Portion Sizes for 1-4 year olds

Use our portion size ranges to find out how much is too much.

Find out more >
Tot It Up

Use our toddler food tracker to check that your 1-4 year olds are getting a good balance of foods and activity

Find out more >

Physical Activity and Play

Be the first to review this product

Availability: In stock


Quick Overview

Physical activity is vital for your toddler's development and to help him/her maintain a normal weight. The Department of Health recommends that children under five years who can walk should be active for at least three hours each day.

Father and toddler running and playing on beach

Double click on above image to view full picture

Zoom Out
Zoom In

More Views

  • Father and toddler running and playing on beach
  • Father and toddler running along a sandy beach


Guidance & Tips for Parents

Toddlers learn eagerly and most want to try new activities. Encouraging your toddler to keep physically active will help him/her to:
  • Develop movement skills
  • Keep up with friends in the playground and in sporting activities as they get older
  • Stay a healthy weight
  • Keep a healthy heart.

If toddlers learn to enjoy games and sport and then continue playing them at school, their school work will benefit.

Be patient; some toddlers take longer than others to learn new skills. Some are better co-ordinated than others. Keep gently encouraging, make it fun and give lots of praise.

Keeping you and your toddler more active:

  • Park your car further away from where you are heading so everyone has a walk to get there
  • Climb stairs together rather than using escalators and lifts
  • Encourage your toddler to walk everywhere rather than confining him/her in a stroller – use reins to keep him/her safe while letting him/her walk.

Ideas to make walking more fun:

  • Count something as you go along e.g. birds, trees, aeroplanes, white cars
  • Have a race to a visible landmark – give your toddler an earlier start or let him/her use a scooter or bike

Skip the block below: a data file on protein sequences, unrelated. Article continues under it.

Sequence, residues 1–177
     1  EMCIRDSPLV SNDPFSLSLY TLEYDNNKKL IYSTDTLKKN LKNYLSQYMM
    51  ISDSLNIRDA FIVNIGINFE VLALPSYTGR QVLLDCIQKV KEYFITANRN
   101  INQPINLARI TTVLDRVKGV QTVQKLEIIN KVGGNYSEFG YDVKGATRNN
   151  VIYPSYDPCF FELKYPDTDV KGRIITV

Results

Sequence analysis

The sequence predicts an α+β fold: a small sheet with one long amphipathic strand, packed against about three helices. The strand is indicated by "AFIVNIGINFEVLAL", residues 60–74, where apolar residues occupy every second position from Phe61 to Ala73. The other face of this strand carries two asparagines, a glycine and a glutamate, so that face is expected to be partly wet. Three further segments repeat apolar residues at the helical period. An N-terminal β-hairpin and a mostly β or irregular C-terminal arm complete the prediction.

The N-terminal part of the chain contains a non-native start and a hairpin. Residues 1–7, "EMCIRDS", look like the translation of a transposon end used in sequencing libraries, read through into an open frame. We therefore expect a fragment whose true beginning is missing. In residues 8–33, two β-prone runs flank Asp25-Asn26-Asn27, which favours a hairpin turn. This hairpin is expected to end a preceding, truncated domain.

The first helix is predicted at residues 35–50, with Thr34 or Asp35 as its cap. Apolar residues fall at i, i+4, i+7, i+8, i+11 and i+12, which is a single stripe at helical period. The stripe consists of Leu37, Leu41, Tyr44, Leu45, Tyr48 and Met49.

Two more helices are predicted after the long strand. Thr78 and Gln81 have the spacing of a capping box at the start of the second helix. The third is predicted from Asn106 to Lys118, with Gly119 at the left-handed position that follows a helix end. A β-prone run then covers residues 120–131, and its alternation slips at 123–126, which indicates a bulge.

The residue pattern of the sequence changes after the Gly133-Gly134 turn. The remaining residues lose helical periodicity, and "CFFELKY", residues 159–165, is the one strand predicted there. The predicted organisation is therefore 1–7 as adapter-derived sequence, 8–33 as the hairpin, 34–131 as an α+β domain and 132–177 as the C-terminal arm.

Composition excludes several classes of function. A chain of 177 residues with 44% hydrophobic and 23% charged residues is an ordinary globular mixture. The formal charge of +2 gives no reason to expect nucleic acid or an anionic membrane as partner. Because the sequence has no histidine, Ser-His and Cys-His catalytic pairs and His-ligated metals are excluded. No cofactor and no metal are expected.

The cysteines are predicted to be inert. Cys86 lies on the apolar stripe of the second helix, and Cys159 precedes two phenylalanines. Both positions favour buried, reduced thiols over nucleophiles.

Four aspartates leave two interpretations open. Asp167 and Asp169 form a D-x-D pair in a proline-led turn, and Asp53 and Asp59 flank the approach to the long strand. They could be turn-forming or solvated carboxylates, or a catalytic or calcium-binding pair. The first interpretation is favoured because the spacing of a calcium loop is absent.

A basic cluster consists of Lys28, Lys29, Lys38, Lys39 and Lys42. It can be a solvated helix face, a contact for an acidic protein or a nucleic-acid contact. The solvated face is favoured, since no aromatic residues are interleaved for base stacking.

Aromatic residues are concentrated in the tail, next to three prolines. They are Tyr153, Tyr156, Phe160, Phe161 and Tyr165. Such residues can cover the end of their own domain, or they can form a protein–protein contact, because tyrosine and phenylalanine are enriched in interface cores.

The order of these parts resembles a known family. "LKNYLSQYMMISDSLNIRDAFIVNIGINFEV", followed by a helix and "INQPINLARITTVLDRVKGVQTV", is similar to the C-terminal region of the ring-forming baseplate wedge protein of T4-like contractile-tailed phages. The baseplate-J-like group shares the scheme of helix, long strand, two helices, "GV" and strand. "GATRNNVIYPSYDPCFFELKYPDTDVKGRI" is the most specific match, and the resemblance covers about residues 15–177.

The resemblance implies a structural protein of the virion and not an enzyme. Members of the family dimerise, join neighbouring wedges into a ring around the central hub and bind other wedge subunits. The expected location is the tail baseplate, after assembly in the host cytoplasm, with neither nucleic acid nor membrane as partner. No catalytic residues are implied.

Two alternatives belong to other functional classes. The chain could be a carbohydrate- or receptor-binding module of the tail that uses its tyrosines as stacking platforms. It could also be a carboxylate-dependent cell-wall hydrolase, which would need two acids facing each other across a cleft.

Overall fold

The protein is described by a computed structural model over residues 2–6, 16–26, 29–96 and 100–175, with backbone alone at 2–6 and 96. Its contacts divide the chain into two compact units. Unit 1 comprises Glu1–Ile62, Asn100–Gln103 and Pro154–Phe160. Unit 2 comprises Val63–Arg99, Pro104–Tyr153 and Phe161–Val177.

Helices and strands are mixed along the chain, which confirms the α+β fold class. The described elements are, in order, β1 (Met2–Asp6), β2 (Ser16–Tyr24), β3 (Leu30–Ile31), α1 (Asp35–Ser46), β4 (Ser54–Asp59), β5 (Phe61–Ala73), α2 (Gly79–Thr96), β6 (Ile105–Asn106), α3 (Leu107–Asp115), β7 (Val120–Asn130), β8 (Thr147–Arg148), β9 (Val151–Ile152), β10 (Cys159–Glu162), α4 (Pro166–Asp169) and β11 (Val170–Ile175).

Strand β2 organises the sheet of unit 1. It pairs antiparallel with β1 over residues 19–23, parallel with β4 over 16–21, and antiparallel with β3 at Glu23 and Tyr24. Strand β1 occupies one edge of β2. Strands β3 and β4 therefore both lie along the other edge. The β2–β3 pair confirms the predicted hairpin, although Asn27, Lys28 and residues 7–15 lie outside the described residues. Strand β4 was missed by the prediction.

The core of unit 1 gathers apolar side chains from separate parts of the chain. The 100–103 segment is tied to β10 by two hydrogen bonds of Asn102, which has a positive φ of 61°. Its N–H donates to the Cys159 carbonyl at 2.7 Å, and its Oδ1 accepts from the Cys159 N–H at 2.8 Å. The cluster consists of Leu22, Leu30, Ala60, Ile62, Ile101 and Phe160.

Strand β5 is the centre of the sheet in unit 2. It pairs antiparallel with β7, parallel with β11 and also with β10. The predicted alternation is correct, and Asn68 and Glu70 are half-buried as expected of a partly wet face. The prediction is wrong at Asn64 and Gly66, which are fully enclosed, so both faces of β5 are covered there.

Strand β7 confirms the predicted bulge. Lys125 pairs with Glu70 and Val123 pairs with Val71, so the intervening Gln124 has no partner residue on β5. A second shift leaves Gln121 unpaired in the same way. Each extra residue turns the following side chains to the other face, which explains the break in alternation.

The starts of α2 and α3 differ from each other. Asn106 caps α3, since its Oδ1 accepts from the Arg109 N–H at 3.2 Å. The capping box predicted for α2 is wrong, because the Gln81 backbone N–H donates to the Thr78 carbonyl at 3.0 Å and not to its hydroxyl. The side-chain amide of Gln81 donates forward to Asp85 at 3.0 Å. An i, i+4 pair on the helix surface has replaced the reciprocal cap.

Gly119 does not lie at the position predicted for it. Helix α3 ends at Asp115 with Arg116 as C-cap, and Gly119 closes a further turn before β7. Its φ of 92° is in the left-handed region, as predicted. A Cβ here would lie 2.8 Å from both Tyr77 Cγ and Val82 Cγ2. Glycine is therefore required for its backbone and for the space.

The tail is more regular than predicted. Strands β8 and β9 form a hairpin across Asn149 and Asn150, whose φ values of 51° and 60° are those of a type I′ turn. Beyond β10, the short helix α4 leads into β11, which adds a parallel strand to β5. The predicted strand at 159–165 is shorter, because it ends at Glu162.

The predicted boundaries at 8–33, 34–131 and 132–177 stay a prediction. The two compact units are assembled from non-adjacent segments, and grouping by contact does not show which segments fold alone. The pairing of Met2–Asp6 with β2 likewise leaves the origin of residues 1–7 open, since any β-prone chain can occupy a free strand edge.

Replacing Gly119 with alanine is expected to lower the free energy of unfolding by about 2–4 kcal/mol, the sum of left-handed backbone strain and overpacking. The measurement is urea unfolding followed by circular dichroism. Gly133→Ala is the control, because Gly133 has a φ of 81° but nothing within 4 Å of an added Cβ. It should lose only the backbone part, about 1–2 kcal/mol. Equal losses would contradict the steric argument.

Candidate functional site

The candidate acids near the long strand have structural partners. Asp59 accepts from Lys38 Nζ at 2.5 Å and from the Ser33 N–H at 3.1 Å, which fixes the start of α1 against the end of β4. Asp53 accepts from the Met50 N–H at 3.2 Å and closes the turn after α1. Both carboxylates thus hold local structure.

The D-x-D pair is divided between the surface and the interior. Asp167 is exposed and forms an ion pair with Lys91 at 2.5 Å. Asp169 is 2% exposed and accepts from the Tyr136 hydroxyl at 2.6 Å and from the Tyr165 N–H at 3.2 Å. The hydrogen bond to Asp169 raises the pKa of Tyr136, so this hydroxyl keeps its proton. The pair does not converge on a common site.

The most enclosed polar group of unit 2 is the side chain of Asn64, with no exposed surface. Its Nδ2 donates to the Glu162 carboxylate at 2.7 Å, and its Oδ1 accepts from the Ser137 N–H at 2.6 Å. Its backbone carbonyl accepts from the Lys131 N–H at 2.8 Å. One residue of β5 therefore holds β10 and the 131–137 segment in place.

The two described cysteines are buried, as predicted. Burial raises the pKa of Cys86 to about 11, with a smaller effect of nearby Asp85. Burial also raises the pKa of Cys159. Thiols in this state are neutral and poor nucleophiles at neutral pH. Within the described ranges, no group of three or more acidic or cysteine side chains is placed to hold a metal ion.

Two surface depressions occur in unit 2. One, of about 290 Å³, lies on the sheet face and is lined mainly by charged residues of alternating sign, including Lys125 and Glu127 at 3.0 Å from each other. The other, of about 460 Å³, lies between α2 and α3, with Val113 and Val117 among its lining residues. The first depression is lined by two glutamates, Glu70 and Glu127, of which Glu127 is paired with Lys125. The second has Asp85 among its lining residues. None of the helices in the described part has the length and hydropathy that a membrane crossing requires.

• Visit the playground on your way to or from somewhere and allow your toddlers to run, climb and play on the equipment for 20-30 minutes
  • Kick piles of leaves during walks on autumn days.

Fun activities for indoors or outdoors

  • Play 'keep it up' with a balloon
  • Have a dance-a-thon
  • Play catch with a bean bag
  • Plan an in/outdoor treasure hunt
  • Play musical statues
  • Play hide and seek
  • Read stories and sing songs that require actions in time with the words
  • Dance or jump to music
  • Make a den.

Rough and tumble play is also fun, particularly for boys, so only stop it if it seems unsafe. Fathers often play rough and tumble with their children – which they enjoy.

Keeping your toddler active outdoors

If you don't have your own garden take your toddler to a playground or local park every day:

  • Play hide and seek
  • Play chasing games
  • Find a slope to do roly polys
  • Play with a ball – encourage your toddler to kick, throw or roll it and learn to catch a large soft ball with both hands
  • Play with a bat and ball; help your toddler hit a ball along the ground or gently throw it to him/her underarm and encourage them to hit it with the bat
  • Go on a nature hunt. You can collect leaves/twigs/berries to make a decoration/collage
  • Play in a paddling pool on warm summer days

When it rains: put on waterproofs and go for a walk and jump in puddles.

When it snows: make and throw snow balls, build a snowman, fill a sledge with soft toys/dolls and pull them around the park/garden, make snow angels by lying on your back in soft snow and moving your arms up and down.

Check out your local amenities and go swimming, to a soft play area, try out active play sessions run by children's centres or programmes such as SoccerTots® and Tumble Tots.

Help your toddler achieve these skills by making sure s/he has opportunities to try. If someone is showing him/her, then s/he can learn to copy:

  • By the age of 2-3 years: jumping, hopping, galloping, climbing a climbing frame, kicking a ball, throwing a ball and hitting a ball with a bat
  • By the age of 3-4 years: catching a ball, riding a scooter, riding a two-wheeled bike with stabilisers.

Messy play: Getting used to putting their hands in different textures can help toddlers who are fussy about their food.

Pretend play: When toddlers play with toys and other objects and pretend they are people, they are learning about the world around them.

Sleep: Make sure your toddlers gets about 12 hours sleep in each 24 hours – toddlers perform better if they are getting enough sleep and they sleep better after a day full of activity.

Physically active toddlers should be in a safe environment and supervised at all times.

Your Questions

There currently no questions on this topic.